Too often the silence of contracting parties must be filled by the voice of the courts. Such is the case here, where we are called upon to resolve a trademark dispute in which no written contract designates ownership, and, in the process, to clarify the paradigm through which common law ownership of an unregistered trademark is determined when the initial sale of goods bearing the mark is between a manufacturer and its exclusive distributor. The District Court in this case awarded ownership to the manufacturer, but did so on the basis of the first use test, and found the distributor liable for infringement and fraud before rejecting its defense of acquiescence and awarding damages under the Lanham Act. Because the District Court failed to recognize and apply the rebuttable presumption of manufacturer ownership that we conclude pertains where priority of ownership is not otherwise established, and because the District Court incorrectly relied on gross sales unadjusted to reflect sales of infringing products to calculate damages, we will affirm on alternative grounds as to ownership, will affirm as to fraud and acquiescence, and will vacate and remand as to damages.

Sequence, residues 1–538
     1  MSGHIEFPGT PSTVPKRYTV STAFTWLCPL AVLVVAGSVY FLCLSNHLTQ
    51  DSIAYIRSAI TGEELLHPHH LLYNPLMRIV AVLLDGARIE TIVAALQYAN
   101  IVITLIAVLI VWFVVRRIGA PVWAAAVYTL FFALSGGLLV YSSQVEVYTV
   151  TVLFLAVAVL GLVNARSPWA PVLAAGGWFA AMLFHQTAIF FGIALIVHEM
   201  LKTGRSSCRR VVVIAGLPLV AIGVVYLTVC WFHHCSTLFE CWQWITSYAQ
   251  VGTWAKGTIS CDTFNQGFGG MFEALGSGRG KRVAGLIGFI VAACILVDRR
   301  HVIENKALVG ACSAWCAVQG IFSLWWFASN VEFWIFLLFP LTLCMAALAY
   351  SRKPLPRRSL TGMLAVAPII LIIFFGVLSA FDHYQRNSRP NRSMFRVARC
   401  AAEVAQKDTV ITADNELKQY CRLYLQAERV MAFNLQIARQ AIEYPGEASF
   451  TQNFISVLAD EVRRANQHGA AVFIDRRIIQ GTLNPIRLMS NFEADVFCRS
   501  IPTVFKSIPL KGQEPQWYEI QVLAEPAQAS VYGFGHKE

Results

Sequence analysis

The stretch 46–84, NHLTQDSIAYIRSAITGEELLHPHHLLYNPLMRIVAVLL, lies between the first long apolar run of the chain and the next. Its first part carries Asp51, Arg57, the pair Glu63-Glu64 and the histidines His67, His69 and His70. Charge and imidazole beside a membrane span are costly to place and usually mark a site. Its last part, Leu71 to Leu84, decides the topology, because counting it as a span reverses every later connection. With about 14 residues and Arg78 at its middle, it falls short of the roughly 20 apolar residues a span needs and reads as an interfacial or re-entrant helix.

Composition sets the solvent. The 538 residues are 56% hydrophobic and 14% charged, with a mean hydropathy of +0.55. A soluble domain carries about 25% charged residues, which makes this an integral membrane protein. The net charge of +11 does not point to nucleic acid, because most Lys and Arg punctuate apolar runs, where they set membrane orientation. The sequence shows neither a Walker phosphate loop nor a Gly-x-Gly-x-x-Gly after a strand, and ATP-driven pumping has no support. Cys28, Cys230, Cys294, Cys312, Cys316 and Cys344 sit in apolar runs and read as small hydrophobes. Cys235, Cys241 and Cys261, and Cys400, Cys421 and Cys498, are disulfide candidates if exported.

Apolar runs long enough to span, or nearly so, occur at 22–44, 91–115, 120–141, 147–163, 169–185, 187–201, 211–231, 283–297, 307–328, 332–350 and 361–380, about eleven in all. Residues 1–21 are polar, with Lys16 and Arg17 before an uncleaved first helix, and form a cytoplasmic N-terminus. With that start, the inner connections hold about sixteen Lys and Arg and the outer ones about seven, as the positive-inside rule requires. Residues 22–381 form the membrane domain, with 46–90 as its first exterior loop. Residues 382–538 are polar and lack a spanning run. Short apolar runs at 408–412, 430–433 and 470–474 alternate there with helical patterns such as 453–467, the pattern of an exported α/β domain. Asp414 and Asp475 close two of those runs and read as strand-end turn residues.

by Gehrke & Associates, SC
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